Delusions of power as democracy goes to the dogs

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By Kenneth Roy

Since I have yet to see a reliable figure of voter turnout in last week’s local elections, I decided yesterday to begin the laborious task of working it out for myself. I didn’t get very far with this bank holiday assignment in the national interest.

The amount of information about the results of these elections on council websites varies enormously from comprehensive in such well-ordered authorities as Perth and Kinross (where the data is particularly easy on the eye) to non-existent.

By Kenneth Roy

Since I have yet to see a reliable figure of voter turnout in last week’s local elections, I decided yesterday to begin the laborious task of working it out for myself. I didn’t get very far with this bank holiday assignment in the national interest.

The amount of information about the results of these elections on council websites varies enormously from comprehensive in such well-ordered authorities as Perth and Kinross (where the data is particularly easy on the eye) to non-existent. You would think (or perhaps you wouldn’t) that since elections to these authorities take place only once every four years, reporting the outcome, including voter turnout, would be a priority for the organisers. Think again.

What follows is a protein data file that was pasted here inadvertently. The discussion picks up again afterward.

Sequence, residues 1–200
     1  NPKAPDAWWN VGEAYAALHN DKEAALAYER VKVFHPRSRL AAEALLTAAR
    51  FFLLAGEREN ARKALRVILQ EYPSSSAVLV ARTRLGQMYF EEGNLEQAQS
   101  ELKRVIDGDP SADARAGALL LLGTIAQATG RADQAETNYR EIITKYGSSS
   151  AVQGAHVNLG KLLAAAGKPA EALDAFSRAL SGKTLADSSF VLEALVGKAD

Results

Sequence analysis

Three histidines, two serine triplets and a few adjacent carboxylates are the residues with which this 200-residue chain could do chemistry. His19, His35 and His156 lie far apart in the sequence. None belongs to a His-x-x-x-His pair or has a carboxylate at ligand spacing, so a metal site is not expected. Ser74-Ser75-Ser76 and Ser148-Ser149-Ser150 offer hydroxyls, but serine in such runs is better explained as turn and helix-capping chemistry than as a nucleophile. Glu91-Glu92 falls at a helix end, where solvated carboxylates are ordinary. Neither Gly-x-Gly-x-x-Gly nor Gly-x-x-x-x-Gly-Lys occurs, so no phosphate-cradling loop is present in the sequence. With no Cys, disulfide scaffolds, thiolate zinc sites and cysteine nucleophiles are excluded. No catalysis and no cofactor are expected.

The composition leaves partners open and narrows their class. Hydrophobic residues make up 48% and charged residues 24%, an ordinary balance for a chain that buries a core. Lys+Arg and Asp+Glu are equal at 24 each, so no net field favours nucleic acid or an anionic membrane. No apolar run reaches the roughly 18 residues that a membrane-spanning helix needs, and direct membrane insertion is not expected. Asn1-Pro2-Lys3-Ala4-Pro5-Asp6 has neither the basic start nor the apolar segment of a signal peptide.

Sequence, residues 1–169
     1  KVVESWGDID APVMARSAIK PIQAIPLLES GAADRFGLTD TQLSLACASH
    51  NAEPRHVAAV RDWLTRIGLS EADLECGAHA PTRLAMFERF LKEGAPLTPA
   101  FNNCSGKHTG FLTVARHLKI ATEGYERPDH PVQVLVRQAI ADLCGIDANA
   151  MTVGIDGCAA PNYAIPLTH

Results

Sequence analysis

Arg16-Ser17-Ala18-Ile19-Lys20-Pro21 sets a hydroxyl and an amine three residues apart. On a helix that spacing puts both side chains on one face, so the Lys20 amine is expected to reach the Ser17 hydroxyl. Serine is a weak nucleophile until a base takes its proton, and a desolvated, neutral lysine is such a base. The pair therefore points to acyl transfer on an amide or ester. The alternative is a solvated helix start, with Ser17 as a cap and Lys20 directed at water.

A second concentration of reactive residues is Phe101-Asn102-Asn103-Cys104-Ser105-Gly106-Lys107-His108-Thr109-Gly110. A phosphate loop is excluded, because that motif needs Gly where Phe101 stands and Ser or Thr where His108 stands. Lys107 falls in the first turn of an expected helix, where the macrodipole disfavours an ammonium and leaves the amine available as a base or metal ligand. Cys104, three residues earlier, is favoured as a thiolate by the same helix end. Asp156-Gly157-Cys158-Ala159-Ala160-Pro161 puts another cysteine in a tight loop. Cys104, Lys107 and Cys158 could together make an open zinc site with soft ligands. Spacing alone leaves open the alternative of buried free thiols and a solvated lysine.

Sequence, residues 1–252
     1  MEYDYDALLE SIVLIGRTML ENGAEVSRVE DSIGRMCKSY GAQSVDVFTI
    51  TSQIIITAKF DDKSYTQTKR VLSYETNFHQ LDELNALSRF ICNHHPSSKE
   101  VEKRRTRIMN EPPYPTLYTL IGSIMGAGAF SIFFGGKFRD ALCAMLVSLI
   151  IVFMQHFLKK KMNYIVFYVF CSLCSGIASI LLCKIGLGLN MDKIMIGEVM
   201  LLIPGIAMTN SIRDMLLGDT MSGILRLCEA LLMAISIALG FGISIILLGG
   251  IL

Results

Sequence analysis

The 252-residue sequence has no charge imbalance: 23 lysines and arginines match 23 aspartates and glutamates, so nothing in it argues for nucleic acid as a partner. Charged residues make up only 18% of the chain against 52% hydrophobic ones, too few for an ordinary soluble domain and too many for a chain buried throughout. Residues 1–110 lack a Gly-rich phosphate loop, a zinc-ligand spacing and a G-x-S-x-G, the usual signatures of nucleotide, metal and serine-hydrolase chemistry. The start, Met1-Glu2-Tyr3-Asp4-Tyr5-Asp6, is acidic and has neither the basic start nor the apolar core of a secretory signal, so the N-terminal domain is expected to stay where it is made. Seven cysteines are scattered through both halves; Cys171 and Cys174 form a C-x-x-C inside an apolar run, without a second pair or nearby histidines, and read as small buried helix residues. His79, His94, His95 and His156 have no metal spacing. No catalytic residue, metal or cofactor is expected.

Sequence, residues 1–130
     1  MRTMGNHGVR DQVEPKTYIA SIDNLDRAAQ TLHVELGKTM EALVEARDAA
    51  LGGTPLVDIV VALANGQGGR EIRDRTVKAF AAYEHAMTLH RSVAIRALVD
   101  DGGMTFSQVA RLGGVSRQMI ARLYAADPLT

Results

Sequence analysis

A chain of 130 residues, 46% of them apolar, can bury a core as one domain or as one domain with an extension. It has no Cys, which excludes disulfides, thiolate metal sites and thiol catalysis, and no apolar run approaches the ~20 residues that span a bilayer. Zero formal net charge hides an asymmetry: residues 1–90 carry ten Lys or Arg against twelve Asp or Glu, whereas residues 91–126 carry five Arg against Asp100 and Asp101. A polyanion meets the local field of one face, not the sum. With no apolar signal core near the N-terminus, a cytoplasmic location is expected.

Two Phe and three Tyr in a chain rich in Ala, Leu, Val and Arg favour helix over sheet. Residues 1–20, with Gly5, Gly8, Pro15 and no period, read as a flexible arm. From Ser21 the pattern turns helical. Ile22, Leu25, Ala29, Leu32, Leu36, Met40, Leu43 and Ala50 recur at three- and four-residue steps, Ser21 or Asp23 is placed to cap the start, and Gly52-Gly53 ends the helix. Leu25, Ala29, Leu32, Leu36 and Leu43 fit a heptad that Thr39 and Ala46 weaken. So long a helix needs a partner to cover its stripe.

Last night, Falkirk Council was still declaring on its home page that the results would be posted ‘as soon as they are available’. They had been available since last Friday afternoon, but still no results. Let’s get this right. So there was no one in the whole of Falkirk Council who thought of recording the names of the elected representatives, and how many votes they received, and how many people voted, between Friday afternoon and Monday night? What does this say about the quality of local government in my native town?

Although I have been unable to arrive at a turnout figure, I am left with an intelligent guess that it was around 40%. As it happened, 40% was the figure in my own ward where, as I predicted last Thursday with all the confidence of the Daily Record’s former dog racing tipster, all three sitting councillors were re-elected. Having checked the website of the worst council in Scotland (South Ayrshire), I still don’t know how many votes were cast for any of these characters.

What I do know is that, from this ward, we managed to return a nationalist, a Tory and someone called Andy from the Labour Party. How convenient for all concerned. It is clear, if it was not clear before, why these tribunes failed to conduct a proper campaign. They knew it was a foregone conclusion. Everybody was a winner. Even the man for whom the voters thought so little that they relegated him to third place still has a seat on the council. In this crazy system he’s somehow a winner too. Nothing changes in South Ayrshire. Another unholy coalition will be cooked up, theatres will stay closed, town centres wrecked. The only conceivable alternative – Labour – decided it didn’t want to play, putting up only nine candidates for 30 seats.